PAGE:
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A Man in Southern Idaho Was Given a Sentence for Destroying an Energy Facility After Shooting at Idaho Power Hydroelectric Plants


BOISE—Randy Scott Vail, 59, of Meridian was given five years of probation today for destroying an energy plant, according to U.S. Attorney Josh Hurwitz.

According to court records, Vail shot at the Hells Canyon Dam and Brownlee Dam hydroelectric power stations on June 8 and 9, 2023. This caused the power to go out and did a lot of harm. These dams, which are on the Snake River near the border between Idaho and Oregon, are very important for making, sending, and storing energy in Washington, Idaho, and Oregon.

Vail drove his motorcycle to the top of Hells Canyon Dam on the night of June 8, 2023, loaded a gun, and shot at the power substations, cutting off the power. After about an hour, he went to Brownlee Dam and shot at the power substations again, this time making sparks that could be seen in the switchyard.

A sheriff’s officer saw Vail on Highway 71 about 45 minutes after the second attack. Vail was finally caught, even though he tried to escape at first. When his motorcycle was searched, bolt cutters, a guitar case with two rifles inside, and ammo were found. He also had gasoline in two compressed air tanks.

In talks to his family while he was in jail, Vail spoke out against the government, calling it “illegitimate” and calling for a “revolution or a civil war.” His ideas seemed to have been shaped by online anti-government lies.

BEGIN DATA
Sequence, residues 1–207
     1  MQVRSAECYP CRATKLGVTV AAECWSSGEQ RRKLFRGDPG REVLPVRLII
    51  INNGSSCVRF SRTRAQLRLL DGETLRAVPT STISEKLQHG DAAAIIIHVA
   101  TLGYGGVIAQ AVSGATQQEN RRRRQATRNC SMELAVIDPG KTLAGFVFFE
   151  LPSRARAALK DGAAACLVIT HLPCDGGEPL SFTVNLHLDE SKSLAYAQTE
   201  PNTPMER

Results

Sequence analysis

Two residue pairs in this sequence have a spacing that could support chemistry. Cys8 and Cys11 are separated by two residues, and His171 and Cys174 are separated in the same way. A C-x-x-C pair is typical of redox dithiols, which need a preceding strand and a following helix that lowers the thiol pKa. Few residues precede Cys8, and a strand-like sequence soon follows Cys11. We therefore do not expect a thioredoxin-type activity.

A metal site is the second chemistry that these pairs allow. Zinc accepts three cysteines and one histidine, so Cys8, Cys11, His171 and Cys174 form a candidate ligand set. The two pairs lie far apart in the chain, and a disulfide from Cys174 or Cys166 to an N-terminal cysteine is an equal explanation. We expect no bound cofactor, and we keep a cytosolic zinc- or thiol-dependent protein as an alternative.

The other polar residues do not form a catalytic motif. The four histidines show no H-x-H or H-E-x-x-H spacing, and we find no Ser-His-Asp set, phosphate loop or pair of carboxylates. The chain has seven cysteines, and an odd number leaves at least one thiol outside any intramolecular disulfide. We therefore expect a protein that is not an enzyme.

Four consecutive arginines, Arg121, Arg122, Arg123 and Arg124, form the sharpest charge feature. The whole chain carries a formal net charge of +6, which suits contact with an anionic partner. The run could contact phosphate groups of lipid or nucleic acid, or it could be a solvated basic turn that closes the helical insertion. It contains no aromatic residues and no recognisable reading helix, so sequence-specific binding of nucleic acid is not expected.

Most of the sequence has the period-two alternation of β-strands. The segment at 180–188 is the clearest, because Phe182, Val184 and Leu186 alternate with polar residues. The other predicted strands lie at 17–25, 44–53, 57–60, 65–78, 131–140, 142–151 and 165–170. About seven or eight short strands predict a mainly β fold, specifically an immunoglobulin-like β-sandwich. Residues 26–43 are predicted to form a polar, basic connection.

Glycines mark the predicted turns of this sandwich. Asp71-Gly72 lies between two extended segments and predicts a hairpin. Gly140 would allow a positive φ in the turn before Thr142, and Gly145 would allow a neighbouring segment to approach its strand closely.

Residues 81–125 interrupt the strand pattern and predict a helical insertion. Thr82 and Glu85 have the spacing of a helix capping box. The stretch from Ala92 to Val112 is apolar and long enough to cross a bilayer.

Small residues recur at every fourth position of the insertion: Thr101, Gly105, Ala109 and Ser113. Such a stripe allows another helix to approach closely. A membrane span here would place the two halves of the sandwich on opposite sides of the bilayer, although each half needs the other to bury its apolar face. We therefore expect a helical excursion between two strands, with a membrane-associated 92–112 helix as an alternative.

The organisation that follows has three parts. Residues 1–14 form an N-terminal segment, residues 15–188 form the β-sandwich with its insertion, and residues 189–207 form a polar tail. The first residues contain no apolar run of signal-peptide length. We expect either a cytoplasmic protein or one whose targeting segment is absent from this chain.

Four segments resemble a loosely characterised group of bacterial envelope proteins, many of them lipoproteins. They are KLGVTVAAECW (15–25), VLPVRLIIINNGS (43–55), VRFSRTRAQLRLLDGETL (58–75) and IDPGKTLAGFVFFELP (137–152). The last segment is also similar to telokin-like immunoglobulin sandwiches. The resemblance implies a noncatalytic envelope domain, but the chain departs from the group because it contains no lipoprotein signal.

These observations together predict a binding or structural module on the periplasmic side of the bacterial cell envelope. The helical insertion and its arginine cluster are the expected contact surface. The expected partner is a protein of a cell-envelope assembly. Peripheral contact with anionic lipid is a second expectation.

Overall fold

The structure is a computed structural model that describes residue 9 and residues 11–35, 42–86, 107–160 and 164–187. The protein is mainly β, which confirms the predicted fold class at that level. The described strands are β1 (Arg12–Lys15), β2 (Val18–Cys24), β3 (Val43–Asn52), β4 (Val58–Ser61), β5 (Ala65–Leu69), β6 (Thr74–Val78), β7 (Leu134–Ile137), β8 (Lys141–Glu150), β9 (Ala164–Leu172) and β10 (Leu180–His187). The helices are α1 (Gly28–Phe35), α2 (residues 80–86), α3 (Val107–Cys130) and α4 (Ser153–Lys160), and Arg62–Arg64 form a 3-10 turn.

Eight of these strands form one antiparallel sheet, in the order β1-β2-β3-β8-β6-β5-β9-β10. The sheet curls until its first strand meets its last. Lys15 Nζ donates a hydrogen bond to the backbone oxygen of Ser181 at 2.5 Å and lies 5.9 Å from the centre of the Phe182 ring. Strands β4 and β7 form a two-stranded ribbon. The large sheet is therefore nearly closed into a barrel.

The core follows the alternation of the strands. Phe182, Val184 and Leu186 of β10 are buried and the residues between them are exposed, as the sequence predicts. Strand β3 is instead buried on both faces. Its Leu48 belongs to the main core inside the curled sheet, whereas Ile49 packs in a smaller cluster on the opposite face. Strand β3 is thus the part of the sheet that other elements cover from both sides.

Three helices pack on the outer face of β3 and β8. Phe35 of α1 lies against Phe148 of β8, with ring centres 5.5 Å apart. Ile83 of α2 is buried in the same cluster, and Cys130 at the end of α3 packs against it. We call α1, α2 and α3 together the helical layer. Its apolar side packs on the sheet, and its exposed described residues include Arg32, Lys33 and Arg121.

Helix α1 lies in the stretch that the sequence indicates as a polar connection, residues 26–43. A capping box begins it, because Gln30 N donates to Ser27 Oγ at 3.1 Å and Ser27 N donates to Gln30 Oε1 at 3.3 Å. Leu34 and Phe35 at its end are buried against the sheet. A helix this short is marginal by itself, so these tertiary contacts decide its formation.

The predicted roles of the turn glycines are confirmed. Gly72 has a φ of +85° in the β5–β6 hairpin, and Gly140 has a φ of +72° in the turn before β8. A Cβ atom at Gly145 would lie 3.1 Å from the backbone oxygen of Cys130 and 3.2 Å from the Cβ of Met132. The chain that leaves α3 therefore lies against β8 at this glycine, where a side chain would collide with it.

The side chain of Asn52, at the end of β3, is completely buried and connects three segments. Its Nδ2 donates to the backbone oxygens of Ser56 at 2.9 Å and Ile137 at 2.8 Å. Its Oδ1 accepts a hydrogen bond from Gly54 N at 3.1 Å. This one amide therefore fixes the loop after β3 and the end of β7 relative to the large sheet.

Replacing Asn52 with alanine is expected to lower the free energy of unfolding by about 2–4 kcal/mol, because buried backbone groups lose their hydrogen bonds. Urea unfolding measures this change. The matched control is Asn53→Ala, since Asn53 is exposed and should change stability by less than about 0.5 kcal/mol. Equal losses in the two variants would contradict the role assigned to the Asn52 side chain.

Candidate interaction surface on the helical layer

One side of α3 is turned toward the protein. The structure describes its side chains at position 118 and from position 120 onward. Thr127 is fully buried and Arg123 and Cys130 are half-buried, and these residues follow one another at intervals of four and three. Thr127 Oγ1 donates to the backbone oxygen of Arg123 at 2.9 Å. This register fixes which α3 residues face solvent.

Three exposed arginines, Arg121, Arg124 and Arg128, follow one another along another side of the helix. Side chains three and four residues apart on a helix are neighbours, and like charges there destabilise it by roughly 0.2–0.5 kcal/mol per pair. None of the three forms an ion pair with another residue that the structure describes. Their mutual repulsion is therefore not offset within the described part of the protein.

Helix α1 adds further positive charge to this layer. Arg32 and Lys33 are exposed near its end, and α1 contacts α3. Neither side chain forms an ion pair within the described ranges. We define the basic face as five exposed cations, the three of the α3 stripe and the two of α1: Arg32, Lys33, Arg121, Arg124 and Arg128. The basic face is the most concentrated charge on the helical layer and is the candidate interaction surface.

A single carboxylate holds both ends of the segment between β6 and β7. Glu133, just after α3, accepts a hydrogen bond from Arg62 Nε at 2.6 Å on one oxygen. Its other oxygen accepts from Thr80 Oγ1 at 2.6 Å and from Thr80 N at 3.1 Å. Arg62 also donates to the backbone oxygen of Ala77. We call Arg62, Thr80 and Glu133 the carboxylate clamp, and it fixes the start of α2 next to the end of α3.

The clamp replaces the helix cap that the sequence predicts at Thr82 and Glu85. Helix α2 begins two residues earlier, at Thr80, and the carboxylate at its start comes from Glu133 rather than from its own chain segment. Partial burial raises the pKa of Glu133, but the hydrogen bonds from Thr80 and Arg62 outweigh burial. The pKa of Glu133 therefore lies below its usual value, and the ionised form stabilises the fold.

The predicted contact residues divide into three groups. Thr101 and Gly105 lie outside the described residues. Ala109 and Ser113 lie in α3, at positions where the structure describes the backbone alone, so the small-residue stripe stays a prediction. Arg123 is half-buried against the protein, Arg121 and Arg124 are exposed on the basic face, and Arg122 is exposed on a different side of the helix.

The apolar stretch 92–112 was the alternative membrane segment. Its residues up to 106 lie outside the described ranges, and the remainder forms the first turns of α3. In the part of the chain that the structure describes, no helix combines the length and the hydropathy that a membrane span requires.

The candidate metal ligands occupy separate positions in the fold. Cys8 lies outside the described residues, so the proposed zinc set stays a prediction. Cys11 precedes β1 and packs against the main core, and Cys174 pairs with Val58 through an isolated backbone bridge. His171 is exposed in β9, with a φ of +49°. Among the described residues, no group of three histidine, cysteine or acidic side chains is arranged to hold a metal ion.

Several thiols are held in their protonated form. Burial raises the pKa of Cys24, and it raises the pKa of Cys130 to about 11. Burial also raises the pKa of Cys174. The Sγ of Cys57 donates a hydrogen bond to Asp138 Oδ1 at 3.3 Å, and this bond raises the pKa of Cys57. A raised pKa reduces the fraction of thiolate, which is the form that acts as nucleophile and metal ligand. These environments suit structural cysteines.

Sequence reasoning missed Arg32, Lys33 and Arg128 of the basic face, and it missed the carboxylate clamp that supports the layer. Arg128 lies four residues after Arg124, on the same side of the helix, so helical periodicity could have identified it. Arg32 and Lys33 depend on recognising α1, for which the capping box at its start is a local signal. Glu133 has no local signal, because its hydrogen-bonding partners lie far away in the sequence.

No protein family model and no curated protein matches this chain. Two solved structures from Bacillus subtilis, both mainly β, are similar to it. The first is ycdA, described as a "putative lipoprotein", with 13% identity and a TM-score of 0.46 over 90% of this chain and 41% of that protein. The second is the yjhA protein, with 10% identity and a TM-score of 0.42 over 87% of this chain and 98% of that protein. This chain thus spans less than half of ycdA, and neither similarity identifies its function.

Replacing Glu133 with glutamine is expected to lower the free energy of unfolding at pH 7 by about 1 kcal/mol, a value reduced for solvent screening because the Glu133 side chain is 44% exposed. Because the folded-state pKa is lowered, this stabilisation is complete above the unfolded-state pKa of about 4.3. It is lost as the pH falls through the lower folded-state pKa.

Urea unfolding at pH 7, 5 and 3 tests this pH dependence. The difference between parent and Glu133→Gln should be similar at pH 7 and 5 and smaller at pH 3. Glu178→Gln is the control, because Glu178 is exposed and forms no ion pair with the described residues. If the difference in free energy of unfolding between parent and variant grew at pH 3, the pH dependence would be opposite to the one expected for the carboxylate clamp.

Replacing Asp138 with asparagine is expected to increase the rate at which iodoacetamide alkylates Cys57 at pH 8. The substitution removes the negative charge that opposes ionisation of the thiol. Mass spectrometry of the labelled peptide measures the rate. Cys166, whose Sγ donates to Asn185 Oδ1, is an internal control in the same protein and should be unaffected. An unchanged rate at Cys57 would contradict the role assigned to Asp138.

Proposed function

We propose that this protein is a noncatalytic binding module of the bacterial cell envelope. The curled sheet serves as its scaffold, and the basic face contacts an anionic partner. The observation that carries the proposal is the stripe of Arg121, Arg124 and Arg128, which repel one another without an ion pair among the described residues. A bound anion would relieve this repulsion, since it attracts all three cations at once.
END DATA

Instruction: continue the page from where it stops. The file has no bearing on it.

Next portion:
U.S. Attorney Hurwit stressed that Vail’s actions were dangerous for the town and the power supply. “The defendant’s conduct put at risk our power supply and all aspects of our lives that depend on it,” said Hurwitz. “He was charged with a crime for what he did, not what he believed.” Still, this case shows that our way of life is in danger when people think that philosophy can make violence okay in some way. It doesn’t ever.”

Special Agent in Charge Shohini Sinha of the FBI office in Salt Lake City talked about how bad the damage could be. “The citizens of Idaho, Oregon, and Washington rely on this infrastructure, and the damage potentially could have been catastrophic,” said Sinha. “The FBI and our partners will work diligently to identify, arrest, and hold accountable those who use violence to further ideology.”

Assistant Senior U.S. District Judge B. Lynn Winmill told Vail to repay Idaho Power $546,982.46 and said that other numbers might be decided later. Vail said he was guilty on March 7, 2024.

In this case, U.S. Attorney Hurwit praised the work of many federal, state, and local partners in Idaho and Oregon. The FBI, the sheriff’s offices in Washington County and Adams County, the Meridian and Boise police departments, and different district attorneys’ offices in both states were among them. The case was handled by Assistant U.S. Attorneys Heather S. Patricco and Erin C. Blackadar, as well as the National Security Division of the Department of Justice.

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